New DVD Released for the Civil War Sesquicentennial and the
Harriet Beecher Stowe Bicentennial
Teachers, students, history buffs and church study groups alike will benefit from this comprehensive program. It contains videos of two different staged versions of the play plus a 138 page illustrated PDF source book of reviews, articles and original source materials.
This updated DVD — designed by teachers for teachers and students — puts the novel and play into its proper literary, theatrical and historical contexts.
First up is a 50-minute modern re-staging of George Aiken’s 1852 dramatization of the novel. This is the theatrical stage version most true to Stowe’s original novel. Our adaptation of Aiken’s play won an award from the division of the Educational Film Library Association at the American Film Festival, and has received accolades from contemporary Stowe scholars and Black Studies professors.
Play versions of Uncle Tom’s Cabin, “the world’s greatest hit,” were seen by millions of people in this country and abroad. Yet across the six decades of its unprecedented and unmatched popularity, the many competing stage versions debased the story and its characters. This gave rise to, and widely disseminated, many demeaning and damaging racial stereotypes; stereotypes that became embedded in our popular culture and society, and with which we still live and struggle today.
The DVD also includes the rarely seen Thomas Edison silent film of Uncle Tom’s Cabin, produced in 1903. The modern re-staging of Aiken’s 1852 play gives us a true understanding of Stowe’s story and characters. By comparison, the Edison film provides insights into some of the ways in which it changed and devolved over the many following decades of its wild popularity.
Anyone studying Uncle Tom’s Cabin, American Black History, religion in 19th century America, or the history of race relations in America, will benefit simply from watching and comparing these two staged renderings of Stowe’s classic tale. But the DVD also contains an invaluable collection of historical and contemporary theatrical materials.
Included on the DVD as a PDF file, this 138 page illustrated source book, originally produced under a grant from the National Endowment for the Humanities, discusses the novel and different play versions. It has 27 articles, essays, analyses and reviews that set the play in its dramatic and literary context, and provide historical background. It also contains reprints of original materials dating from the 1830s through 2006.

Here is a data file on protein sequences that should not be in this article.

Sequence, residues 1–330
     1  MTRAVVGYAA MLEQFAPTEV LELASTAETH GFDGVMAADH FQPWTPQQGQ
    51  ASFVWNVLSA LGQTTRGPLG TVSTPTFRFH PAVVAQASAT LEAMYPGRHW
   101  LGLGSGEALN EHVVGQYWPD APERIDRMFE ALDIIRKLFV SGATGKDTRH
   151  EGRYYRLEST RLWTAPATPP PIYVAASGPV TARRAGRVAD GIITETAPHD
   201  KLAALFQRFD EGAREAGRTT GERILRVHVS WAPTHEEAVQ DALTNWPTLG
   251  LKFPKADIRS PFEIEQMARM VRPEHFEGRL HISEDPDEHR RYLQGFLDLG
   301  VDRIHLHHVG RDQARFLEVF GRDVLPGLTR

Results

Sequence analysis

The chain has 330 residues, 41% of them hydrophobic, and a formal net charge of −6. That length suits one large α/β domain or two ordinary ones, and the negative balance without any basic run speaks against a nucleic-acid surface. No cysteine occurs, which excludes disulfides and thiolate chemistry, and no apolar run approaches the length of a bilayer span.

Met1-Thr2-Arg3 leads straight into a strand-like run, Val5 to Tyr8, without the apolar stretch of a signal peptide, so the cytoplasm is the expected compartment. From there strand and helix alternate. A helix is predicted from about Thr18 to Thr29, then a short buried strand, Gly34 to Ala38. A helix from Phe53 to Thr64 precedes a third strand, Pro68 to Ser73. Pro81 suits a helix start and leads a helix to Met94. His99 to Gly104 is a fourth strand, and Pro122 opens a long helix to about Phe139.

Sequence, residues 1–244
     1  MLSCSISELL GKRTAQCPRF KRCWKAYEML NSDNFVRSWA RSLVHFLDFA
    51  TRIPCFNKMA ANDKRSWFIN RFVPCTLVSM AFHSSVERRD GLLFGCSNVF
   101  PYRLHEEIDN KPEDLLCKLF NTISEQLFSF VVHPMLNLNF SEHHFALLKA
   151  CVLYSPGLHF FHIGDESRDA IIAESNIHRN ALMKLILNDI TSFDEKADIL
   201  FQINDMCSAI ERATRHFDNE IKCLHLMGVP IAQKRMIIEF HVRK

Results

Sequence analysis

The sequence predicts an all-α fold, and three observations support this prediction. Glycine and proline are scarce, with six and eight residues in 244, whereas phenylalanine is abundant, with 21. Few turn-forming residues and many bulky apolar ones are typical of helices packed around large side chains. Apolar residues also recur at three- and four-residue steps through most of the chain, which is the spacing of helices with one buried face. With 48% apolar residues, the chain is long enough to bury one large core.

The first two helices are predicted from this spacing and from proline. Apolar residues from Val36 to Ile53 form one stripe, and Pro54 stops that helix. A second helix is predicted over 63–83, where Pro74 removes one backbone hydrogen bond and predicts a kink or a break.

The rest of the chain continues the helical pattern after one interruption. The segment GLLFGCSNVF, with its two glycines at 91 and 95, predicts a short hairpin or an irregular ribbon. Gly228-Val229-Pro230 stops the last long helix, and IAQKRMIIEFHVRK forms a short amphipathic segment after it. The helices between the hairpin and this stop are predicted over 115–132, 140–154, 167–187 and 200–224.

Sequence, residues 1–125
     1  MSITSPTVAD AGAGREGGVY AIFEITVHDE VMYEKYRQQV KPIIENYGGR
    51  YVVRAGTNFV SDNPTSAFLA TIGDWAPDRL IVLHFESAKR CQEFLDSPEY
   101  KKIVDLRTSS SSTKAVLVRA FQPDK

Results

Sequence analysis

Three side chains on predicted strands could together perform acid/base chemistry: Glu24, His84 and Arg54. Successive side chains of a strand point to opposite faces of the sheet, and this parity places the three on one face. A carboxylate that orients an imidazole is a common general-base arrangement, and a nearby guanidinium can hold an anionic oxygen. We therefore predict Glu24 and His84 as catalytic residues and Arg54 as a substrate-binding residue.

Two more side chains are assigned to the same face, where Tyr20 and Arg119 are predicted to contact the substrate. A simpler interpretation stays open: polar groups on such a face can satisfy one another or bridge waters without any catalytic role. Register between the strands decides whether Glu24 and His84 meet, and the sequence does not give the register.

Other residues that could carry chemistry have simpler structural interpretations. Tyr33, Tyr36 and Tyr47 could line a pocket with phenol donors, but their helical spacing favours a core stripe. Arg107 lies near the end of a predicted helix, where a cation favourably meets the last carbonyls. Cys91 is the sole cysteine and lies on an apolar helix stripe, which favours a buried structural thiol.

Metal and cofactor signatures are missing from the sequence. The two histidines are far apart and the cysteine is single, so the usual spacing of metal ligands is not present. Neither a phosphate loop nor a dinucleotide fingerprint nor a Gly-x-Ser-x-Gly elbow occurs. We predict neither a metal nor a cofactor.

It includes authoritative studies such as Prof. Elizabeth Ammons’ “Stowe’s Black Maternal Christ,” and Daniel Gerould’s reflections on melodrama. Historical essays place Uncle Tom’s Cabin in its context in the 1850s and beyond. The script of a “humorous” version of the auction scene, similar to that shown on the Edison film, is reprinted. Selections from primary materials by, among others, Josiah Henson, Frederick Douglas, W.E.B. DuBois, James Baldwin, David Pilgrim and Dr. Henry Louis Gates, Jr. are included.
Reconsidered and studied together, these materials from 1850 to 2006 give readers first hand, non-fictional and theatrical representations of slavery. Discussed too are the many contrasting depictions of stereotyped characters like Uncle Tom and Topsy that still so deeply affect American life. Although the play disappeared after sixty years, its influence continues to pervade American culture and society.
We can’t know where we’re going unless we know where we’ve been. The historical importance and modern relevance of Uncle Tom’s Cabin are indisputable. As much as at any time in our past, it needs to be studied and understood.
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